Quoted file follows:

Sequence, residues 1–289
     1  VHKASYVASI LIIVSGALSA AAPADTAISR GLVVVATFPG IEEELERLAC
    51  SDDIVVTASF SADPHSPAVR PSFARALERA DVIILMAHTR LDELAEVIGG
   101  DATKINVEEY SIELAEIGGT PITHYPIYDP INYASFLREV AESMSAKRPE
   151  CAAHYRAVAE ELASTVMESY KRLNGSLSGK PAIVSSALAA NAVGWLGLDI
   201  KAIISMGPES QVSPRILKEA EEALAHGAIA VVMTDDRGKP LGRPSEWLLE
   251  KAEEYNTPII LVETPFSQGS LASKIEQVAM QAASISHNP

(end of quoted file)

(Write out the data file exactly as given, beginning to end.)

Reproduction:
Sequence, residues 1–289
     1  VHKASYVASI LIIVSGALSA AAPADTAISR GLVVVATFPG IEEELERLAC
    51  SDDIVVTASF SADPHSPAVR PSFARALERA DVIILMAHTR LDELAEVIGG
   101  DATKINVEEY SIELAEIGGT PITHYPIYDP INYASFLREV AESMSAKRPE
   151  CAAHYRAVAE ELASTVMESY KRLNGSLSGK PAIVSSALAA NAVGWLGLDI
   201  KAIISMGPES QVSPRILKEA EEALAHGAIA VVMTDDRGKP LGRPSEWLLE
   251  KAEEYNTPII LVETPFSQGS LASKIEQVAM QAASISHNP